=> 2. Do The Unexpected.
It’s so easy. But so few people do the unexpected that you won’t have much competition in this area.
My friend Chip shared one example. The local CVS Pharmacy called him, noting he had not refilled his prescription. They just wanted to remind him because it was important that he keep on taking it. Their call was an unexpected but pleasant experience.
Jay Gershman wrote to the “Hartford Courant” newspaper in August 2003 to comment on the exceptional service of his surgeon who had recently passed away. He mentioned the life-threatening liver surgery he had undergone, and he mentioned the need to return to the hospital for periodic follow-up exams. Jay said the exams would ordinarily mean that he’d have to endure “torturous hours and days of waiting for the follow-up exam results.”
But his surgeon, Dr. Frank Foster, went way beyond the normal, expected service. As Jay said, Dr. Foster was an extraordinary doctor and human being “because he would wait outside the CT scan room every time to read the results right on the spot.” The doctor was able to turn a difficult situation into a positive “experience.”
And I’ll never forget the Hotel Monoco. I was speaking to the American Red Cross in Chicago, and my client booked me into this hotel. It wasn’t a big-named hotel chain, so I didn’t know what to expect. But I never would have guessed what I was about to experience.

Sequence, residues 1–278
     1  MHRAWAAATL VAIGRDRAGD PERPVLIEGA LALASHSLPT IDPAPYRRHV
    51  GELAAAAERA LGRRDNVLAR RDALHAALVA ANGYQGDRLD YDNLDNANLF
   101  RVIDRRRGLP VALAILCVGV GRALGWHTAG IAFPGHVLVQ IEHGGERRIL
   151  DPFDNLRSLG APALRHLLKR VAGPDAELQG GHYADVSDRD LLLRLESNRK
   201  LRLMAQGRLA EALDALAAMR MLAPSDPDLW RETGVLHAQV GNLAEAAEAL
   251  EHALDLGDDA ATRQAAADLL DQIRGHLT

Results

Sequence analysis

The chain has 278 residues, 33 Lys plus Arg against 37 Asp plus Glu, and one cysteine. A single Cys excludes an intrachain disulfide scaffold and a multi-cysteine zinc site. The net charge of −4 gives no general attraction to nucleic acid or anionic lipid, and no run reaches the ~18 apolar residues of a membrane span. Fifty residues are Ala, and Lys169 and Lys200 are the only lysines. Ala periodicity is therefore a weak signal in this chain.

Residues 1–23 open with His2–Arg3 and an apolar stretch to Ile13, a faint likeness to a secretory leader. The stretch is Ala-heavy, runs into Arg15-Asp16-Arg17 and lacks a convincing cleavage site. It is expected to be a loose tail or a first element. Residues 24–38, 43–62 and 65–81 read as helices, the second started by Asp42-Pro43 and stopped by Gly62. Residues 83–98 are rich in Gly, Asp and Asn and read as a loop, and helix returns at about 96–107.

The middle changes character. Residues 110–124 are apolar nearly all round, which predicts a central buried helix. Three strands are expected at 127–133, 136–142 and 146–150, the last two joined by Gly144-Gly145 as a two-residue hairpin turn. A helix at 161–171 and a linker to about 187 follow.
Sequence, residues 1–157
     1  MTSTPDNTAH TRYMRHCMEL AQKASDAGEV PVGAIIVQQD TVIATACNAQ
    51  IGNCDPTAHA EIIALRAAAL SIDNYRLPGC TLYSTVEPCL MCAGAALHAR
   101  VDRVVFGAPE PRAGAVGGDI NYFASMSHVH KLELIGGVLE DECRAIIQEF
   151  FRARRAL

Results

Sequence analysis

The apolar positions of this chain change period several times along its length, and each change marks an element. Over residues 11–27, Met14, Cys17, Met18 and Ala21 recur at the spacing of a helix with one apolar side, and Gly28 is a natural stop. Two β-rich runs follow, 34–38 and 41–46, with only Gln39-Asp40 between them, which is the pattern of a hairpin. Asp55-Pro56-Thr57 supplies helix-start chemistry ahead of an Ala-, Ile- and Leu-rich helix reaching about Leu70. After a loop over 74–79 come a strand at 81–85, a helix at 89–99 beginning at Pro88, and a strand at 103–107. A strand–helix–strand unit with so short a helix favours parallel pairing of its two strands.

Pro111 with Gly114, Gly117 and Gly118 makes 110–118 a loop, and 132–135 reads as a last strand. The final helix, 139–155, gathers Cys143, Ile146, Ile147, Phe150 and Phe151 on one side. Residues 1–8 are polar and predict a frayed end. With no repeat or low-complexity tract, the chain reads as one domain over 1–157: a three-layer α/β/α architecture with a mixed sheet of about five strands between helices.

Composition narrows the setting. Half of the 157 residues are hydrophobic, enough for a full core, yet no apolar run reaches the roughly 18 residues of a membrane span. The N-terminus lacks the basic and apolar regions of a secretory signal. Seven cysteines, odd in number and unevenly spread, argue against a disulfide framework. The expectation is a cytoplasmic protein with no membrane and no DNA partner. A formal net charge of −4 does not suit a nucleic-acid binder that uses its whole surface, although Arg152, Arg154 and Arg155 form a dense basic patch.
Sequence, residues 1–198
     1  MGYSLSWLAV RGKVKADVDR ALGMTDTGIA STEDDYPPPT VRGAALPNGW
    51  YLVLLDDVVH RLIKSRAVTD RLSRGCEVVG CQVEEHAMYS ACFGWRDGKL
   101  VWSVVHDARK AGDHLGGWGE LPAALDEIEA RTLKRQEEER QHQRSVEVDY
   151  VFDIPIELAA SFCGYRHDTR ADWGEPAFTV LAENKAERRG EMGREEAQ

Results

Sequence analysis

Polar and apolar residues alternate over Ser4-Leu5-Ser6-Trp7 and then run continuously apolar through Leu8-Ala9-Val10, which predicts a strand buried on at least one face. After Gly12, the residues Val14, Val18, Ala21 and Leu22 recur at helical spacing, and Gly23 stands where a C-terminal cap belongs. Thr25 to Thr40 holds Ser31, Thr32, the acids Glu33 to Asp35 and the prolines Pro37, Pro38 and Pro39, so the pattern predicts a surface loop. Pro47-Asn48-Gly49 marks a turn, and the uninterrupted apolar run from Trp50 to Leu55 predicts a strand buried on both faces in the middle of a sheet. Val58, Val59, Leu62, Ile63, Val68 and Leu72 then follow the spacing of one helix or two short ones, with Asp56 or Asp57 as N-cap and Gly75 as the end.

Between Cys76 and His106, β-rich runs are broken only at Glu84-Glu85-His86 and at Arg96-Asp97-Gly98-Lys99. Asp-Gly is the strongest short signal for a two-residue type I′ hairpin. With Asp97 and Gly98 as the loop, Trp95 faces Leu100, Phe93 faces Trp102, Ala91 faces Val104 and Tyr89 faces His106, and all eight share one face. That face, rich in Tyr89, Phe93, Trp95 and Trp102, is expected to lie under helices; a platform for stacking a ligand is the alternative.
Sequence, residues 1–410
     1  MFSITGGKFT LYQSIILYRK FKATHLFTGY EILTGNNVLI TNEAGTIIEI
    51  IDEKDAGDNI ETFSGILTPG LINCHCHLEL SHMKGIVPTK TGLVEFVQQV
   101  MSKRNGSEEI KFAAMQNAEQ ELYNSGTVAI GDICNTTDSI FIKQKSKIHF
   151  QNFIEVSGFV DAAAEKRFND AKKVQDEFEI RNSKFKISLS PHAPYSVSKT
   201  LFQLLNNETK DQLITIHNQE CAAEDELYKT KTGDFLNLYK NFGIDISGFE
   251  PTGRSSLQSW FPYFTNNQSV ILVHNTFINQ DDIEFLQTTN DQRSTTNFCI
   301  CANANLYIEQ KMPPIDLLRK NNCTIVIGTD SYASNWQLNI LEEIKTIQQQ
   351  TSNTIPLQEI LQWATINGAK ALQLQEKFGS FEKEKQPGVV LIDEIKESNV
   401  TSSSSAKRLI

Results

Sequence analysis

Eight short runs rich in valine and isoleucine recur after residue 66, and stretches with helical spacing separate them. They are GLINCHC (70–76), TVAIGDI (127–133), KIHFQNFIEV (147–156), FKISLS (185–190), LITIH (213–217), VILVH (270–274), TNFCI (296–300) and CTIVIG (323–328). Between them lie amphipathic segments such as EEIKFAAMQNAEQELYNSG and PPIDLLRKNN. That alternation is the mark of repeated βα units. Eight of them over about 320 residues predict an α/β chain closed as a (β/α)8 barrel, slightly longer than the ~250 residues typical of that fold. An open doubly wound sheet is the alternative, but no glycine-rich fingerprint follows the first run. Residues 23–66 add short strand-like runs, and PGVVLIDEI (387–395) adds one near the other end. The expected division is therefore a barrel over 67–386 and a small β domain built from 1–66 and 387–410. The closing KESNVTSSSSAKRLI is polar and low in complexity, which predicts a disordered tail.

In addition to the decent bed and good food, the Hotel Monoco wanted to make sure their guests experienced fun and relaxation. And it started as soon as I got to my room.
The room came equipped with a variety of music CD’s filled with relaxing music that would let me unwind. The TV had a relaxation channel that featured soft music and the most beautiful, peaceful nature scenes that I had ever seen.
Some thirty minutes later, there was a knock on my door. The bellman handed me a fish bowl, complete with a charming little goldfish. He said people like me, who travel so much, might enjoy a little company, and he didn’t want me to be alone. I was surprised, to say the least, but I sat watching my little buddy for quite a while that night.
As I explored my room, I found the most unusual mini-bar I’d ever encountered. Instead of the usual alcohol, the hotel had stocked it with items that would add a dimension of fun to my stay. The mini-bar contained toys such as an Etch-a-Sketch, some Silly Putty, some big red wax lips, a handshake buzzer, and a map of Chicago.
At 5:00 P.M., I was invited to come to the lobby for a relaxation reception. There was free wine and water, but best of all, there were a number of massage therapists giving free back rubs.
Did the Hotel Monoco create a “remarkable” experience? You bet. I just told several hundred thousand people about it in this “Tuesday Tip.”
Action: You’ve got to do more than get your products and services into your customers’ hands. Give them an unexpected experience as well. Add three little extras to the service you provide, and keep on doing it. You’ll soon have a “remarkable” business.